Back in 1993, Sen. Daniel Patrick Moynihan, a New York Democrat, warned against "defining deviancy down." He was talking specifically about crime, about our getting used to it and not taking serious measures to fight it. But over the years since, is there any realm of American or European life where acceptance of ever-increasing deviancy has not become "the new normal"?
America's universities are a distressing case in point. They were once places where young people went to read great books, learn to reason logically and acquire the skills necessary to become productive citizens. Countless hours in the library and classroom were required to become a real scholar — or even someone whose opinions deserved consideration.
Today, many campuses are dominated by students who spend more time nursing grievances than studying. They demand "safe spaces" and protection from ideas and language that might bruise their tender sensibilities. They suppress — belligerently and sometimes violently — the free speech of anyone they deem "privileged." They stage protests for "social justice" — a concept they have neither the knowledge nor experience to understand. Professors indulge them. University administrators appease them.
One notable exception: Everett Piper, president of Oklahoma Wesleyan University, who earlier this month received the Jeane Kirkpatrick Award from the Lynde and Harry Bradley Foundation and the American Conservative Union.
"In a time when university administrators are giving in to what amounts to student temper tantrums, Everett Piper stands out for his adherence to the tradition of academic integrity and open inquiry," said Bradley Foundation President Michael W. Grebe. "Dr. Piper's stand for open discussion, and genuine mutual tolerance of dissent on campus is both rare and overdue."
Dr. Piper has famously told the tale of a student who, following a university chapel service, complained that he had been "victimized" by the sermon. "It appears this young scholar felt offended because a homily on love made him feel bad for not showing love," Dr. Piper wrote. "In his mind, the speaker was wrong for making him, and his peers, feel uncomfortable.
"Our culture has actually taught our kids to be this self-absorbed and narcissistic," he continued. "Any time their feelings are hurt, they are the victims. Anyone who dares challenge them and, thus, makes them 'feel bad' about themselves, is a 'hater,' a 'bigot,' an 'oppressor,' and a 'victimizer.' "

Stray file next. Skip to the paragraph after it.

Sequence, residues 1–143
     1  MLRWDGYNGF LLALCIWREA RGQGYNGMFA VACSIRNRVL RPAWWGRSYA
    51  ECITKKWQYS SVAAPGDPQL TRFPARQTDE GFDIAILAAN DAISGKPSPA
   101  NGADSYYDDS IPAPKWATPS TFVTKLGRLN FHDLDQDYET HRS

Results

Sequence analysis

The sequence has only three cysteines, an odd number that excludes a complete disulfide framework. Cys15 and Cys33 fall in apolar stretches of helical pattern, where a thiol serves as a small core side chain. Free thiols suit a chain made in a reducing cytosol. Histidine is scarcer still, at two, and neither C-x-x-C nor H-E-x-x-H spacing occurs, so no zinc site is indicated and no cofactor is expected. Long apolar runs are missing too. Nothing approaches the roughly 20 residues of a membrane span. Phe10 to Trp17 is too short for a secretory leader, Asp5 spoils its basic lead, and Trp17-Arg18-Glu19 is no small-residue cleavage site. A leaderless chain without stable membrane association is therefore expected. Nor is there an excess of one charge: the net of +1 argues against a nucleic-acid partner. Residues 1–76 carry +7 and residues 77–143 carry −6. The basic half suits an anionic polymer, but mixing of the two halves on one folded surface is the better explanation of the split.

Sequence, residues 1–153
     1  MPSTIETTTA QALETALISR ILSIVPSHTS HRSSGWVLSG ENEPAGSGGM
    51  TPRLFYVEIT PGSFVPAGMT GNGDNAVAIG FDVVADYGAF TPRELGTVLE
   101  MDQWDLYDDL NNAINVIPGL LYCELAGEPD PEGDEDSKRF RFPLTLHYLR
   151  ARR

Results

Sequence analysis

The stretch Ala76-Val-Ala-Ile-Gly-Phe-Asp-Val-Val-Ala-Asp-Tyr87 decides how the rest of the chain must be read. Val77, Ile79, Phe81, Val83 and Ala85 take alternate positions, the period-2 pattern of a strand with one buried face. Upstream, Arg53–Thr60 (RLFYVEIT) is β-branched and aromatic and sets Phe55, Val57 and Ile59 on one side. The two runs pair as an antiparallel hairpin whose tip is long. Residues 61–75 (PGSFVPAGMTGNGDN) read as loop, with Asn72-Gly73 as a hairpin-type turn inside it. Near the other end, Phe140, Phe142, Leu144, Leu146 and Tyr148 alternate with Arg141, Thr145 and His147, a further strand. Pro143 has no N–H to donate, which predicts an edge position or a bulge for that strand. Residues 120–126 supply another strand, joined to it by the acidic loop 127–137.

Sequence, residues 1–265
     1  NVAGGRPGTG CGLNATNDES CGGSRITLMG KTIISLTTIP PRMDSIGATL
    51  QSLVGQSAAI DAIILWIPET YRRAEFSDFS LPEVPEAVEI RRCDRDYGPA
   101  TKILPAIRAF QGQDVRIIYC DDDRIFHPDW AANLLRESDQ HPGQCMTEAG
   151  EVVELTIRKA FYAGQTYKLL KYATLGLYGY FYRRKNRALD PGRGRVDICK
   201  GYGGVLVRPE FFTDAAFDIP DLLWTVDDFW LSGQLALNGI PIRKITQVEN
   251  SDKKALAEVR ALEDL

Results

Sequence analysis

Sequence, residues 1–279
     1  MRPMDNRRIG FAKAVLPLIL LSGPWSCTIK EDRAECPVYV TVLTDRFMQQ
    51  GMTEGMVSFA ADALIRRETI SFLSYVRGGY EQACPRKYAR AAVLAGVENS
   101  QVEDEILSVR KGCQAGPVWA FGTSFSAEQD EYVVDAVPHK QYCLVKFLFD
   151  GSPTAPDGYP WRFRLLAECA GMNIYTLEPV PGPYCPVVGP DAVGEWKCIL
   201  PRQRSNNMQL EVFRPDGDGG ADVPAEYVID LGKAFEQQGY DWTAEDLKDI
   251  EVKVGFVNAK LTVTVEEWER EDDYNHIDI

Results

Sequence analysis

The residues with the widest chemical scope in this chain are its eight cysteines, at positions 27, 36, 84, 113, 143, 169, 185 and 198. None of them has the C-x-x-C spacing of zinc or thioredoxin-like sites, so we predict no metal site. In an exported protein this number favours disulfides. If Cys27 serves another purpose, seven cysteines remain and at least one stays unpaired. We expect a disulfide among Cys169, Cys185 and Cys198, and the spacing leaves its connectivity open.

Dr. Piper went on to offer a bit of advice to the student: "This may not be the university you're looking for. This is a place where you will quickly learn that you need to grow up. This is not a day care."
Academia has not been undermined overnight. It has been a longtime objective of the extreme left, starting with the Orwellian-named Free Speech Movement (FSM) of the mid-1960s.
"The claim that the FSM was fighting for free speech for all (i.e., the First Amendment) was always a charade," according to journalist Sol Stern, a senior fellow with the Manhattan Institute who, back in the day, was a member of the FSM at Berkeley, where it was born. "Within weeks of FSM's founding, it became clear to the leadership that the struggle was really about clearing barriers to using the campus as a base for radical political activity."
"We distorted the plain meaning of words to gain political advantage and power," he added. "Movement radicals turned on American liberalism (which we renamed "Cold War liberalism") as the evil empire. Liberalism, unfortunately, retreated."
These radicals were so self-deluded as to see "something hopeful and progressive in Third World dictatorships." Among them: North Korea, today a hellhole for the vast majority of its people, one which we've allowed to become nuclear-armed, and the Castro regime in Cuba, with which President Obama has now restored diplomatic relations in return for nothing and despite its abysmal human rights record.
As Mr. Stern recalls, it was not long before a "once-idealistic student movement crossed the line to antidemocratic ideologies and undermined the possibility of a decent Left in America." Nevertheless, those responsible were given refuge on campuses, not to mention the opportunity to indoctrinate the next few generations of students. The unrepentant terrorist Bill Ayres, Mr. Obama's old friend, is only the most obvious example.
Sixties radicals-turned-professors also have been successful in denying teaching positions and tenure to scholars with more conservative views — their ostensible commitment to tolerance and diversity notwithstanding. Indeed, in recent years, anyone attempting to articulate perspectives the far left opposes can expect to be banned from campuses. Former Secretary of State Condoleezza Rice, anti-Islamist Ayaan Hirsi Ali and International Monetary Fund managing director Christine Lagarde are just three examples.
What used to be institutions of higher learning have become, in Dr. Piper's words, "bastions of speech codes rather than free speech" where "disagreement is now synonymous with hate" and "propaganda and power now reign."
The situation is unlikely to improve — not until university presidents who value freedom and refuse to define academic deviancy down are once again so common that no one would think to give them awards. How we get from here to there is by no means apparent.